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Martinborough founder, John Martin, dies - 1892

Hon. John Martin

Evening Post, 17 May 1892

It is with great regret that we have to record the death of the Hon. John Martin, which occurred at his residence, Fountain Hall, today, about noon, after a brief illness. The causes of death was pneumonia.

There were few men better known in Wellington than Mr. Martin, one of its earliest settlers. He worked hard in a humble way at the start, and rose to become one of Wellington's wealthiest citizens and to fill a seat in the Legislative Council.

Mr. Martin passed through all the vissitudes of colonial life, and worked well in all. He was a steady, shrewd, and far-seeing man, and deserved the success which attended his efforts.

Mr. Martin was of North of Ireland parentage, but was born at Maghera, near Dublin.

He arrived in Wellington in the ship Lady Nugent in 1841, accompanied by several brothers, who afterwards went to Otago, where two of them are still alive. Three others died in Otago. Tho young men wore sent to New Zealand by their uncle, Dr. Espey, to make their way by their own exertions.

Just three months ago Mr. John Martin lost his wife, and he seemed greatly shaken by the blow.

He leaves a large grown-up family, consisting of six sons (Dr. Albert Martin being one) and four daughters — Mrs. R. O'Connor, Mrs. J. E. George, Mrs. Cameron, and Mrs. Tweed.

It is only a few weeks since Mr. Martin returned from a mouth's visit to the Hot Lakes, accompanied by Mr. Tringham, and he appeared on his return to have benefited greatly by his trip.

On Thursday last he was seized with a severe cold, which settled on his lungs, and he was unable to rally. He was conscious to within a few minutes of his death, and recognised and spoke to Mr. Tringham, who was present.

Mr Martin was a large landowner in tha Wairarapa. His ago was 70.

In politics the deceased gentleman was a Liberal, and always voted on that side in the Council. He rarely spoke in the Council, but was a regular attendant.

Mr. Martin was one of the early promoters of steamship enterprise in New Zealand, and did his utmost to keep the headquarters of that enterprise in Wellington.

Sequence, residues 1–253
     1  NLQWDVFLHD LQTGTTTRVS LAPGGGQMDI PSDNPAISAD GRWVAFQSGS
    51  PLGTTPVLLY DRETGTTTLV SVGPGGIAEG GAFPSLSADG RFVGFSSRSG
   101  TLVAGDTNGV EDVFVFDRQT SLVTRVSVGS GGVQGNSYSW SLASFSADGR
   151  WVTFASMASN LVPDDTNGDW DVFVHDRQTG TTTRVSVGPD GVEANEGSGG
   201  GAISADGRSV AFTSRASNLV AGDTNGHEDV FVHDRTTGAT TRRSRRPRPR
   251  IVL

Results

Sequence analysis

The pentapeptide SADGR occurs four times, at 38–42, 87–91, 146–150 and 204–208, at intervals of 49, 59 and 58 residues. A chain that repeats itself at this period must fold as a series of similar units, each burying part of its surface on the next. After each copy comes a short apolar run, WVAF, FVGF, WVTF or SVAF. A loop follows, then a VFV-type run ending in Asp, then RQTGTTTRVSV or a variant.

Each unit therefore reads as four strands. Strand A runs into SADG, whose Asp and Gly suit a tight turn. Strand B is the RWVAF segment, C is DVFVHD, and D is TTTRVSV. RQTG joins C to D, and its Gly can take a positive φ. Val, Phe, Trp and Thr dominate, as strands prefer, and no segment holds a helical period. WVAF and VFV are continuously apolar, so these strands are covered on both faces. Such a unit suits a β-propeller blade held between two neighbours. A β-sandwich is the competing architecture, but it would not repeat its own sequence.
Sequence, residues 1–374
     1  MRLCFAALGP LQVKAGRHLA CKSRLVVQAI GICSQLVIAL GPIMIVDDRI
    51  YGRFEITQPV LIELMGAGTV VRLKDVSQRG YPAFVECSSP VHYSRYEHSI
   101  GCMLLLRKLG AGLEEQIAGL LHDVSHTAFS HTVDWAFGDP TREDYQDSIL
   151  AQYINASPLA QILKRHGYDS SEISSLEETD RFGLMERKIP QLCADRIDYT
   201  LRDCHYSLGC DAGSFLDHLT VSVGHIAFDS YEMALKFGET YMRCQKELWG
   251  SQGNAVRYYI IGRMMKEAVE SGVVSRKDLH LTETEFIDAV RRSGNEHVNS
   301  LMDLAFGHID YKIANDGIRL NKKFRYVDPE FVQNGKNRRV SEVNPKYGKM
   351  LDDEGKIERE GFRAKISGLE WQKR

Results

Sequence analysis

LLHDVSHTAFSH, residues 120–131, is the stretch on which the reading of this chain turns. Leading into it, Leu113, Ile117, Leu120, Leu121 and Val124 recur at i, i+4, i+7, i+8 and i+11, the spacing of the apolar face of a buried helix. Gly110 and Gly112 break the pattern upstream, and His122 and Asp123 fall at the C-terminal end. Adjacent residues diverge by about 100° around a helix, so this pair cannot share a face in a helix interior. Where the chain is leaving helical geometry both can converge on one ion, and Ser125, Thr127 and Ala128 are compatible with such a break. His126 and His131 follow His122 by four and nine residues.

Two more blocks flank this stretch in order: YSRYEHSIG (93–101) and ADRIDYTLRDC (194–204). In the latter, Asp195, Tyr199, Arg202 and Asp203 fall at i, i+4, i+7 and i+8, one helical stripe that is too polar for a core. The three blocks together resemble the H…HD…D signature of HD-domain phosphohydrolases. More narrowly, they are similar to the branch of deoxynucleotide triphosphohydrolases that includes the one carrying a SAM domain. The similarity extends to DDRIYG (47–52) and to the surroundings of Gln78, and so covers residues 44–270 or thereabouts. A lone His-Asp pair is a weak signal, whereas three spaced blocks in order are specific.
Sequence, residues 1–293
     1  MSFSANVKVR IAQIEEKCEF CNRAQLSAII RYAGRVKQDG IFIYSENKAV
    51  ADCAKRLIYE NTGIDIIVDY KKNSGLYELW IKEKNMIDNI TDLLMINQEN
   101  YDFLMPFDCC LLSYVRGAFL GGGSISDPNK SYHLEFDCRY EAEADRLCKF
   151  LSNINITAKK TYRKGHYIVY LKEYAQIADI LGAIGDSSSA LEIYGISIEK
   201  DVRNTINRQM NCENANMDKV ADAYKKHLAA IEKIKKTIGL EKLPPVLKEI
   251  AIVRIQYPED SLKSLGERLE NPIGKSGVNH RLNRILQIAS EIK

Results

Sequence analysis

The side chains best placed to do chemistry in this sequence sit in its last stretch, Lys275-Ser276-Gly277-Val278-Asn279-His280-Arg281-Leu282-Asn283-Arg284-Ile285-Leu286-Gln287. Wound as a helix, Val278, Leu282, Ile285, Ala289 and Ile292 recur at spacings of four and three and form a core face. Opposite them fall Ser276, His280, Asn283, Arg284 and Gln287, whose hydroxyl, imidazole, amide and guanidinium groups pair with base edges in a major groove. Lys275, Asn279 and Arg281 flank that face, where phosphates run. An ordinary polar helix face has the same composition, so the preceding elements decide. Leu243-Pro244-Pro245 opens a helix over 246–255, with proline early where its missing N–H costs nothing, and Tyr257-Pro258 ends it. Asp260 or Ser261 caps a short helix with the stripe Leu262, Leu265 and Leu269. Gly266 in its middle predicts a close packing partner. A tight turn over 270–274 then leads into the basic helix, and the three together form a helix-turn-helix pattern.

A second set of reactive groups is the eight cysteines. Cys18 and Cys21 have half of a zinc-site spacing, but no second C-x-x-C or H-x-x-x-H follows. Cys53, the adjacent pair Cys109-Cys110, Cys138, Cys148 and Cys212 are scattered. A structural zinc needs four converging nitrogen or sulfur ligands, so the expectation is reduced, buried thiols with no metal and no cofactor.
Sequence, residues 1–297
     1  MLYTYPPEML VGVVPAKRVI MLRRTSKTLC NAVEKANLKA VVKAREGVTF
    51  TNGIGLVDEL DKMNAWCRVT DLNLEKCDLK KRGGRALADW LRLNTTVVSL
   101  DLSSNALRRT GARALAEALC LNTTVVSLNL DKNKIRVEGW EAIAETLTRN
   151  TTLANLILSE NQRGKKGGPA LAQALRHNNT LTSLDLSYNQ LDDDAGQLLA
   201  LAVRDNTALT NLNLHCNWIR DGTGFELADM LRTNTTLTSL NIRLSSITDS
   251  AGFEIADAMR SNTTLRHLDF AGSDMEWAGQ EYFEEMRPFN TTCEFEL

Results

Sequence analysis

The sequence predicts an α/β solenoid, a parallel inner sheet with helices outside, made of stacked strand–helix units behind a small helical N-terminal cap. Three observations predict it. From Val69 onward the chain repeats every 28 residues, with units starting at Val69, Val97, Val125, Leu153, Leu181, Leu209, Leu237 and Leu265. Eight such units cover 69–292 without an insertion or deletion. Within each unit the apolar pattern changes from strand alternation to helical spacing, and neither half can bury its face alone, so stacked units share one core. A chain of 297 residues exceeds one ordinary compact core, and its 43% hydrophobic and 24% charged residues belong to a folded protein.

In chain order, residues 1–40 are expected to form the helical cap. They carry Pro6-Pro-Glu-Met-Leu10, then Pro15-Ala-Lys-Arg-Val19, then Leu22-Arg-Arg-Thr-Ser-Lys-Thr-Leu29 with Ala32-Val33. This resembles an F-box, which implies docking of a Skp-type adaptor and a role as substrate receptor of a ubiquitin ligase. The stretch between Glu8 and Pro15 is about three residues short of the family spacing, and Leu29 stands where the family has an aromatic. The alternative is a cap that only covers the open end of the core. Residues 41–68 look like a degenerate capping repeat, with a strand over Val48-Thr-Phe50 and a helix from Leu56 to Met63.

He was one of the principal directors of the Circular Saw Line.

Some fourteen years ago Mr. Martin presented to the city the drinking fountain which bears his name.

His unexpected death will be very generally regretted. The funeral takes place on Thursday morning.

Evening Post, 19 May 1892
All that was mortal of the late Hon. John Martin was interred in the Presbyterian portion of the new cemetery at Karori this morning, and the respect in which the deceased gentleman, who had resided in Wellington for over 50 years, had been held, was evidenced by the large number of citizens who took part in the obsequies, the funeral being one of the largest seen in the city for some years. 
The cortege started for Karori about half-past 9, but before that time a short service was conducted in the deceased's late residence in Ghuznee Street by the Rev. C. S. Ogg, of St. Andrew's.  
Amongst those present were the Premier (Hon. J. Ballance), Sir Robert Stout, the Very Rev. Dr. Watters, Revs. J. K. Elliott and H. Van Staveren, Drs. Ewart and Mackenzie, Messrs. W. McLean, M.H.R., H.J.H. Eliott (Undersecretary for Mines), G. Hutchison, M.H.R., J. C. Gavin (Assistant Auditor-General),and a large number of others.  
There were 27 carriages, and the procession was nearly half-a-mile long. The chief mourners were the deceased's sons (Dr. Albert Martin and three brothers residing in the Wairarapa), Mr. R. O'Connor (son-in-law), and Mr. Chas. Tringham, an intimate friend of the deceased. The service at the grave was conducted by tho Rev. Mr. Ogg.

Evening Post, 31 May 1892
Will of the Honourable John Martin. M.L.C.
The following is the literal text of the will of the late Honourable John Martin :—  
I direct that all my just debts funeral and testamentary expenses shall be paid as soon as may be after my decease  I appoint my son Albert and my son Arthur to be executors and trustees of this my will and who and the survivor of them and the trustees for the time being of this my will are hereinafter referred to as my trustees I give devise and bequeath unto my trustees the whole of my real and personal property whatsoever and wheresoever situate upon trust as to my property in the Wairarapa known as the Otaraia estate subject to the encumbrances thereon for my son Arthur    All the rest residue and remainder of my estate whether real or personal I direct my trustees to hold upon trust for my daughter Elizabeth (Mrs. O'Connor) my daughter Sarah (Mrs. George) my daughter Jessie (the wife of Dr. Tweed of Ashburton) my daughter Minnie (the wife of Captain Cameron now residing in Liverpool England) and my sons, Robert Edward, John, William, and Albert, share and share alike as tenants in common.  
The will concludes by revoking all previous wills, and was signed in the presence of W. H. Quick, solicitor, and C. O. Rosenberg, law clerk, on 18th February last.

Further reading:
John Martin (Dictionary of New Zealand Biography)


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